We understand that those who are going to live with the impact of a decision should at best take the decision, or at least be included in the decision.

8. We are open-minded and curious about our people’s needs

We understand that being fair doesn’t mean treating everybody the same way. We understand that people have different backgrounds, stories, families, contexts and we pledge to invest the same amount of curiosity and empathy towards our people’s story and needs. We understand that doing due diligence and adapting to our people’s needs is more important than enforcing a rigid framework, to a certain extent. We understand that we must also consider the impact it might have on other colleagues or teams.

9. Being leaders doesn’t mean treating people like followers

We understand that treating people like followers or doers optimizes the environment for them to act as such. We understand that treating people like fellow leaders creates an environment where they can develop their leadership skills, and create more leaders in time.

10. We aim for becoming useless

We understand that if we need to be there at all times for things to happen, we represent a risk for our teams, our department and our organization. While being 100% useless is certainly not attainable, it is a state that we are aiming for. We understand that developing the autonomy of our people, teams, and department is something we need to work on every day.

Olivier Fortier
Olivier Fortierhttp://www.primospopuli.com/en/
OLIVIER Fortier is first and foremost a believer in human beings. Owner of the blog Primos Populi -- which is Latin for People First -- his focus is to find innovative ways to bring back (and keep) people at the core of businesses, and ensure they can thrive. A manager, agilist, servant leader, facilitator, and former Scrum Master, all of these interesting titles and roles represent only the means to achieve what he truly believes in: cultivating people's awesomeness. His favorite things to reflect on are leader-leader relationships, psychological safety and the right to fail, career and personal development, humanity in recruitment, and how to lower the center of gravity of decision-making processes. Considering that businesses wouldn't exist without people, can one imagine how powerful it would be if all employees wholeheartedly wanted to be in their organizations, and wanted to do what they do? This is the work world Olivier wants to live in, and the goal he set for himself.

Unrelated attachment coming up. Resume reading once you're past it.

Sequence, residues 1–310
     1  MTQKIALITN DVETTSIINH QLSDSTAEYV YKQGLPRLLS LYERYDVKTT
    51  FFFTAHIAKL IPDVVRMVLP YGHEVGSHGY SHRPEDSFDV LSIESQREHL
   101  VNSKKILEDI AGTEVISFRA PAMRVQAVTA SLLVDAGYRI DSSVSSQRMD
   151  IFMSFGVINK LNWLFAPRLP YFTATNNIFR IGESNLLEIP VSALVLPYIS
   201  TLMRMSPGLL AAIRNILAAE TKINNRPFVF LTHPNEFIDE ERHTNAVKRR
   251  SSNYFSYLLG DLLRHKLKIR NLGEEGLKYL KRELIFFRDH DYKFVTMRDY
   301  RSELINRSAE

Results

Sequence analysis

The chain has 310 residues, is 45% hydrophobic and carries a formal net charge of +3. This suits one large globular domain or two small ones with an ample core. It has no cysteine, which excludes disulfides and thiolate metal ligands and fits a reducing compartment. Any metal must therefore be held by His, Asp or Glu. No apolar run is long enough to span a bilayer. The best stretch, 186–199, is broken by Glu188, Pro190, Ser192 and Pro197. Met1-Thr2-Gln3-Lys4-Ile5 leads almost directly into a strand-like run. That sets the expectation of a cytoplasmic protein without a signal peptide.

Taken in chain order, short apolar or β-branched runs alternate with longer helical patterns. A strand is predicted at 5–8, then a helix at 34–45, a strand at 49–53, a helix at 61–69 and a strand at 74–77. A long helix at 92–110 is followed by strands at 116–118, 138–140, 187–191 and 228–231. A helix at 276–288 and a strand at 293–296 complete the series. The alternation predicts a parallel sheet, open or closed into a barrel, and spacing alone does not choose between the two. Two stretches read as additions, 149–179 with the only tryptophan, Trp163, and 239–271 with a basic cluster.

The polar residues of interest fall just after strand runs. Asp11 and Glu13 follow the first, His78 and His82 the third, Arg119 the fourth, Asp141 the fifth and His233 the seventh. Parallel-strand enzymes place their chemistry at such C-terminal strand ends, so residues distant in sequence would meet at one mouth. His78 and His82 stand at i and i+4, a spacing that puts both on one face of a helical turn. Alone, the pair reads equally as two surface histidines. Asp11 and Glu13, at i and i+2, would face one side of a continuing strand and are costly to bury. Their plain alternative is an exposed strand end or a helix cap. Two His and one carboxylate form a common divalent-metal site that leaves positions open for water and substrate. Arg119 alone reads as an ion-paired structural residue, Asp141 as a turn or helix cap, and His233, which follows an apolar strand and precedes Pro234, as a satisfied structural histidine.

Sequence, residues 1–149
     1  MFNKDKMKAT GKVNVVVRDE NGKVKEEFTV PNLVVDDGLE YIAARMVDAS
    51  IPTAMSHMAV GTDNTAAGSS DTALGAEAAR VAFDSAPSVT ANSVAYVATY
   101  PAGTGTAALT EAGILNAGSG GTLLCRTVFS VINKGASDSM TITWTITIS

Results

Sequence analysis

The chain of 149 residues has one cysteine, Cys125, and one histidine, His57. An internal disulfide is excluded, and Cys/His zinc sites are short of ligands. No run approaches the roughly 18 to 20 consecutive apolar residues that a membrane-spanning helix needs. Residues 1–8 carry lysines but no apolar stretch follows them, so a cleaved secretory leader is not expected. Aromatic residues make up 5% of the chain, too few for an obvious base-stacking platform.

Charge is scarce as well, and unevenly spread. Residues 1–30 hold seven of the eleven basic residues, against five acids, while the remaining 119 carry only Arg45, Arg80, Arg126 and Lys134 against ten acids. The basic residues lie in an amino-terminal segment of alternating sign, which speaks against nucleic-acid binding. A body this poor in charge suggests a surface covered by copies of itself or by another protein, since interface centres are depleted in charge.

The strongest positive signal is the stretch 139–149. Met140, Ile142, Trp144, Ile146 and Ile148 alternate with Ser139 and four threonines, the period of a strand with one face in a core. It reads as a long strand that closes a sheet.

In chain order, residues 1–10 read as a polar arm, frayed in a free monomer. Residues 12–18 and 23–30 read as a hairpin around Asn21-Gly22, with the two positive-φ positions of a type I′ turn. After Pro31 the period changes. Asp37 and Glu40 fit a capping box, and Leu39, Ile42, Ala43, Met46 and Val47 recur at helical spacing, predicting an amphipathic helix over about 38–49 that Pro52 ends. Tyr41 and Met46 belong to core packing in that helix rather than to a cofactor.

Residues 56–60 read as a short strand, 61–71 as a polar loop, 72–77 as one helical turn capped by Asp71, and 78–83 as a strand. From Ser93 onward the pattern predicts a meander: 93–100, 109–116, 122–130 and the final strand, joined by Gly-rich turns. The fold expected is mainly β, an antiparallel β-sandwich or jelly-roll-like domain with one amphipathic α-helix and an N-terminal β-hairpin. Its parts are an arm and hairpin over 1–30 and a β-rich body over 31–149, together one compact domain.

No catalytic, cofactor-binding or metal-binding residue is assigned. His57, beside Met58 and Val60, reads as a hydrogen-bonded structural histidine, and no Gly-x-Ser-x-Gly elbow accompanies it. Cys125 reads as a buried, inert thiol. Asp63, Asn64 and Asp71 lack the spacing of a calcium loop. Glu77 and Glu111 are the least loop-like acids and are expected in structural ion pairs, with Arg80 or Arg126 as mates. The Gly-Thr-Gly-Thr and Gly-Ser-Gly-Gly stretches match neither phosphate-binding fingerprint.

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Aldo Delli Paoli
Aldo Delli Paoli

Bright intuition.
Unfortunately, a contract of this kind, absolutely acceptable according to my point of view on what should mean for a manager the employment relationship, would be questioned in those countries, such as Italy, where the Unions are against any agreement interpersonal or that does not respect the collective bargaining that, however, in my opinion, makes the working relationship asphyxiated !!.